Wesley J. Liebeler
Professor of Law, Emeritus
Jim Liebeler died suddenly on September 25, 2002. It is at once enormously sad and strangely comforting to think of Jim's life ending as he was engaged in one of his passions – flying over one of the legendary lakes of the northern New England he loved so much. Jim died as he lived, excited and exciting, audacious, filled with tremendous energy and love of life. He seemed young for his 71 years, and he leaves a significant record of making a difference.
Jim came to UCLA in 1965 as a new law teacher fresh from the role of assistant counsel to the Warren Commission. During his early years at UCLA Jim spoke frequently about the work of the commission. He also assisted Congressman Gerald Ford in an attempt to provide appropriately controlled access to some of the foundational documentary evidence of the assassination.
As he delved into the teaching of antitrust, Jim quickly became convinced that the subject deserved a wholly new approach. Just a decade after he began teaching, Liebeler had garnered such attention as an antitrust scholar that he was chosen director of the Office of Policy Planning and Evaluation at the Federal Trade Commission. He convinced the Commission to examine the role of professions and state laws in creating legal barriers to entry and to competition. He also brought the Commission to endorse the study of the consequences of past actions. In all this Jim truly was a courageous reformer.
After his return from Washington, Jim moved into a great productive burst of superb scholarship. His sheer brilliance combined with his passion for law reform and his knowledge of economics. A 1982 comprehensive review made it unmistakably clear that Jim was one of the major figures in anti-trust scholarship, a master in applying economic analysis to vertical integration. Some of the favorable comparisons drawn by outside appraisers might have made even Liebeler blush.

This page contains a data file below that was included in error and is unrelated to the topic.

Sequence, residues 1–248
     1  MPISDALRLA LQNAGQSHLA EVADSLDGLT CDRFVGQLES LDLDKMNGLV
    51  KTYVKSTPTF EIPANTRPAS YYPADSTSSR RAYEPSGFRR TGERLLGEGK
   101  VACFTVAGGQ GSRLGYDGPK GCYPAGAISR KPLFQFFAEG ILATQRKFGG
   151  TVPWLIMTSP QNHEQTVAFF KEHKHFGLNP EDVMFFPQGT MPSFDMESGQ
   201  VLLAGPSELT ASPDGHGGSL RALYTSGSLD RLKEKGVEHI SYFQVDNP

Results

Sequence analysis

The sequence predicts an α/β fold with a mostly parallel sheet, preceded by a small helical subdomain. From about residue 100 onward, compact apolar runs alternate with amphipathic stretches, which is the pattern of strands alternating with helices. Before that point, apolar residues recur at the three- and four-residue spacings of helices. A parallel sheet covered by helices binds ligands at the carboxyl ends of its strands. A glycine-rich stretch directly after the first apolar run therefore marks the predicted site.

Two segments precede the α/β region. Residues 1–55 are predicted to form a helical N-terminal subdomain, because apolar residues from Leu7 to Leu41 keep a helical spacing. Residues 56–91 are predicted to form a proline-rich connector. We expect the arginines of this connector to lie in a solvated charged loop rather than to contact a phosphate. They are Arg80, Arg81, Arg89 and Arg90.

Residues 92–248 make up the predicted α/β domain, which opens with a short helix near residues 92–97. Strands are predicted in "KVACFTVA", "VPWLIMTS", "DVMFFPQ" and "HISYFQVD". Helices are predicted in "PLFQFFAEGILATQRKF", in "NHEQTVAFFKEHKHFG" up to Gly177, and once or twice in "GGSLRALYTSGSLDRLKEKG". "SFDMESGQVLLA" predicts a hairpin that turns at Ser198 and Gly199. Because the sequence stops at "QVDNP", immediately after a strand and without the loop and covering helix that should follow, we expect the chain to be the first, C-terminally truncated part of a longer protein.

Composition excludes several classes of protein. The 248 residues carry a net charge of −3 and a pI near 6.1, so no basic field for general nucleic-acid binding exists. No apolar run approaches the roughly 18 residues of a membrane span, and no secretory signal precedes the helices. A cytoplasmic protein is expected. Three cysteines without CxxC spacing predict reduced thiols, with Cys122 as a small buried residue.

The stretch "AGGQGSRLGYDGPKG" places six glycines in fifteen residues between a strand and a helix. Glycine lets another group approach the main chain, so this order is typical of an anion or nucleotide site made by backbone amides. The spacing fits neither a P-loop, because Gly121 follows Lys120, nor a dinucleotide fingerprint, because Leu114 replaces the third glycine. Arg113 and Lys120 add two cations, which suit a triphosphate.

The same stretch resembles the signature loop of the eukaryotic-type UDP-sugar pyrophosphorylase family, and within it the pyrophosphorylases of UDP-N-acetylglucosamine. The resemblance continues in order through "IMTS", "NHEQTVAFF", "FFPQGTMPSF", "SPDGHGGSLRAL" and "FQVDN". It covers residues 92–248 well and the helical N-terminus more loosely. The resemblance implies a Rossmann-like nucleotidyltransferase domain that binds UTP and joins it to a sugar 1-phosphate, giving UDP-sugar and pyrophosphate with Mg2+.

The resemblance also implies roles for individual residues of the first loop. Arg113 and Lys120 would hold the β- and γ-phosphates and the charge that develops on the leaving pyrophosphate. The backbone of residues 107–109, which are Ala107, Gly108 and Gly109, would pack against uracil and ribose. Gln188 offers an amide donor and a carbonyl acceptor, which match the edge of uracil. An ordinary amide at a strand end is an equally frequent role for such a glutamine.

Jim's enthusiasms and talent permeated his classroom. While his irreverent humor and strongly held perspectives were not for everyone, Jim made a powerful impact on many of his students. His classroom was highly rigorous, challenging and fun. Liebeler relished his former students' successes, as law firm lawyers, government policymakers, judges and professors.
Jim's close connections to the UCLA Economics faculty led to important pioneering developments such as co-taught law and economics courses and an extremely challenging joint degree program. Of many stimulating encounters about Jim's work, Harold Demsetz remembers: "The discussions always opened my mind to an issue that was novel to me, and they also entertained me in ways that only Jim could think of. He was not afraid to tackle topics on which he had not been versed by his mentors, and, in the process of give and take on these topics, he brought novel perspectives to them."
In 1992 Jim found UC's early retirement incentive program irresistible. Recalled to teach, Jim was able to more fully divide his time between his farm in Newfane, Vermont and Malibu. During these years Jim's refusal to be bound by past interests exhibited itself as he turned to issues in constitutional law, bringing ideas from philosophy and economics to a new course and agenda he was evolving. Jim continued as a member of the UCLA Law faculty for 34 years, until his former student and UCLA colleague Mark Grady recruited him to George Mason's law school.
Jim could be exasperating, sometimes downright maddening. But so many of us LIKED him. At times, we would shake our heads and say: "I don't know why I like this guy so much", but the fact was that we did. It wasn't just his sense of humor and his ability to poke fun at everything, including himself. It may have been that we found his own love of life so stimulating. And Jim's passionate approach ranged from scholarship and teaching, to his excitement about everything he did—flying and restoring buildings in Vermont included, to his sons Erik and Lars, his wife Susan and their daughter Jennifer—each one so vitally important to him. And Jim thoroughly enjoyed being the outrageous iconoclast. Quite simply, Jim was one of those human beings who made the rest of us feel more alive.
Years ago some of us were teasing Jim about what he would do since his economic tradition had become the mainstream. He laughed uproariously assuring us not to worry, he would figure something out! In 1980, writing to a law school trying to take Jim away from UCLA, Dean Bill Warren concluded: "Jim is an original." And he was, in so many ways.
Mark F. Grady